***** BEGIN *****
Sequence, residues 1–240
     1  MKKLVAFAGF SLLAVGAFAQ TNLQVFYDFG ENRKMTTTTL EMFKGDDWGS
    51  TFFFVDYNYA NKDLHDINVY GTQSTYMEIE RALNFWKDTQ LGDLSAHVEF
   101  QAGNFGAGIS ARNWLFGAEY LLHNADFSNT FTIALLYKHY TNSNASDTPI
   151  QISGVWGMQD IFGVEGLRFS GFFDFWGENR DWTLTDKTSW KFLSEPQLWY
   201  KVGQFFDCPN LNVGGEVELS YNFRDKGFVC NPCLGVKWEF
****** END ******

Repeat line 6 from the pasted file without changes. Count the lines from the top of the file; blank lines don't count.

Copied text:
   201  KVGQFFDCPN LNVGGEVELS YNFRDKGFVC NPCLGVKWEF